This article originally published inside The FinTech Issue of Bank Director digital magazine.
The world is filled with technology companies hoping to transform the financial industry. Of course, very few of them will. Not all ideas can overcome the substantial hurdles to become major commercial successes. We are not proposing here at Bank Director digital magazine to tell you who will be a success and who won’t be. But we do want to introduce you to some of the entrepreneurs who are proposing to reshape the world as we know it. These are people whose ideas are re-envisioning platforms and processes, people who are simplifying, unifying and upsetting conventional practices. These entrepreneurs really are shaking up traditional boundaries to help us all think about banking a little differently.
Christian Ruppe and Jared Kopelman
They are creating the driverless car of banking.
Using machine learning, this duo, who met as students at the College of Charleston, have built a platform for banks and credit unions to help millennials save without even thinking about it. Frustrated that fellow college students would get on a budget and then abandon it a few weeks later, 22-year-old Ruppe thought he could make the attainment of financial stability easier. Achieving financial health takes discipline and focus, like weight loss. But Ruppe reasoned that technology could help with financial health so it wasn’t so dependent on discipline and focus. If he could come up with a way to automate savings, debt payments and investments, many more people could realize the benefits of compounding over time to create wealth. “We are the self-driving car of banking,’’ Ruppe says.
There are several other automated savings applications on the market that use machine learning, such as Digit and Qapital, but most of those are sold directly to consumers, rather than through a financial institution. Monotto’s private label approach means the customer doesn’t pay for the product and never knows the platform doesn’t come from the bank. Monotto, a play on the words “money” and “auto,” can be integrated into mobile banking or online applications, sending well timed messages about refinancing the mortgage or buying a house, for example. Bear State Financial in Little Rock, Arkansas, a $2.2 billion asset bank, already has agreed to pilot the program. When customers sign up, the algorithm learns from their spending patterns and automatically pulls differing amounts from their checking accounts into their savings account using the bank’s core banking software, taking into consideration each customer’s transaction history. Individuals can set savings goals, such as buying a house or a car, and the platform will automatically save for them. For now, Monotto has received funding from friends and family, as well as an FIS-funded accelerator program. Eventually, the founders envision a platform that will also help you invest and pay down debt.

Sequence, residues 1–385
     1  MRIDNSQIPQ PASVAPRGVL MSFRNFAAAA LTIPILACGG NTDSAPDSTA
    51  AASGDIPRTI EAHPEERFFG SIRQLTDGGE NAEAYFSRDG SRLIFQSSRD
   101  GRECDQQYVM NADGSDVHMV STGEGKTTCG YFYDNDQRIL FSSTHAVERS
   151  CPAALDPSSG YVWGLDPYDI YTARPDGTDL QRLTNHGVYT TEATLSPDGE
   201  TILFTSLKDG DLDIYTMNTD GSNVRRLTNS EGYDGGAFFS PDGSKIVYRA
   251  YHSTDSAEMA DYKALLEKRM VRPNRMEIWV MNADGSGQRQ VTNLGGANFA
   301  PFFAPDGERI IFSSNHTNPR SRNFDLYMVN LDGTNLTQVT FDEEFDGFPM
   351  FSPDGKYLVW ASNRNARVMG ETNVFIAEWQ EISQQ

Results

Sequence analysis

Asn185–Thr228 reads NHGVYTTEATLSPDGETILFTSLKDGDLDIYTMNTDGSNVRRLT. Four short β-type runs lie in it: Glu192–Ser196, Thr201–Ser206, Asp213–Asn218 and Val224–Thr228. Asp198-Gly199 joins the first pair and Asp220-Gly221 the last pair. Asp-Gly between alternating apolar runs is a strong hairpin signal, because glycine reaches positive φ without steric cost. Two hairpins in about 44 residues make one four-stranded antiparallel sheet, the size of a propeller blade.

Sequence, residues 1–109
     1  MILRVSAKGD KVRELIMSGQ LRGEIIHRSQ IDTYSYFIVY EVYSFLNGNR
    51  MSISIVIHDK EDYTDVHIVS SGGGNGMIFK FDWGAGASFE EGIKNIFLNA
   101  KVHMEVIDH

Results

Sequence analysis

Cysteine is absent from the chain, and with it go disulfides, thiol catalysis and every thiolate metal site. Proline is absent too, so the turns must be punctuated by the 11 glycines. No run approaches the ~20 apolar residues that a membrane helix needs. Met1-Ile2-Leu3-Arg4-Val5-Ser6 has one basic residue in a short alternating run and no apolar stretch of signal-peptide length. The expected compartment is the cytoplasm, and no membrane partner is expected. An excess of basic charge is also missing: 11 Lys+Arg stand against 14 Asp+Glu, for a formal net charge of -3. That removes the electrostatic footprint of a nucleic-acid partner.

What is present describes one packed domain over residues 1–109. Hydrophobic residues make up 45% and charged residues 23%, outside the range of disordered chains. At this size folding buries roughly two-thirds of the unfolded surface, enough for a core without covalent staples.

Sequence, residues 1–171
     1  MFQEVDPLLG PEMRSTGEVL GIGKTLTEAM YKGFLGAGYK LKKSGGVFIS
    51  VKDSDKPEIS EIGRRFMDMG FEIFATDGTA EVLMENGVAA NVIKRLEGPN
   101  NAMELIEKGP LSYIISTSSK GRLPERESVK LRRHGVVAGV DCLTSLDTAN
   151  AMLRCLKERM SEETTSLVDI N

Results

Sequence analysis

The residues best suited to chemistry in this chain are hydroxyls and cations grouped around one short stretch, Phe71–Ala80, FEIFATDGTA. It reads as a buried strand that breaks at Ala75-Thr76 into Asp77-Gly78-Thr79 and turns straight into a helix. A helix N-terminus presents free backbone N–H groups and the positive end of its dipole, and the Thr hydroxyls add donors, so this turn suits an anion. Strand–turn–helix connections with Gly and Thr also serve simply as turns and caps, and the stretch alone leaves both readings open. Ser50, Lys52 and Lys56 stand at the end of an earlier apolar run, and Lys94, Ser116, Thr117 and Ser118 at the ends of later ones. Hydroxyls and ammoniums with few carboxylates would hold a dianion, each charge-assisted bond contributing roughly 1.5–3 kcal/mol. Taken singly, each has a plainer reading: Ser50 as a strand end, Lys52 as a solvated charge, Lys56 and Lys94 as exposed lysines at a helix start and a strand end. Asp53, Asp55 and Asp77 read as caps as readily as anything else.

“You have someone who is solving a problem [for society] but figuring out how to solve it for the bank, as well,” says Patrick Rivenbark, the vice president of strategic partnerships at Let’s Talk Payments, a research and news site.
This student lender calculates the school’s ROI to determine eligibility for a loan.
With the rising cost of tuition, students who take out loans end up with an average of $30,000 in debt after college, leading to rising rates of delinquency. But what’s holding the schools accountable?
Alexander “Zander” Rafael, 32, and his team created Climb Credit in 2014 to service student loans based on the returns the college provides its graduates. This places Climb among a menagerie of fintech startups, like SoFi, LendEDU and CampusLogic, all trying to serve the student loan market.
Climb, which funds its loans through investors, stands out because it only works with schools that have a record of landing students jobs that “pay them enough to [cover the] cost of tuition,” says Rafael. In addition to evaluating the student, Climb also assesses the schools. If the institution passes Climb’s graduation and return on investment analysis, then its students are eligible for Climb loans and the school takes on some of the risk of the loan, receiving more money if more students pay them back.
Climb has grown by focusing on more non-traditional learning environments, like coding boot camps, where students invest $10,000 for a yearlong program to learn web development. According to Climb’s analysis, many of these students land jobs that pay up to $70,000. “The return was very strong,” says Rafael. Climb now works with 70 schools, including some two and four-year university programs.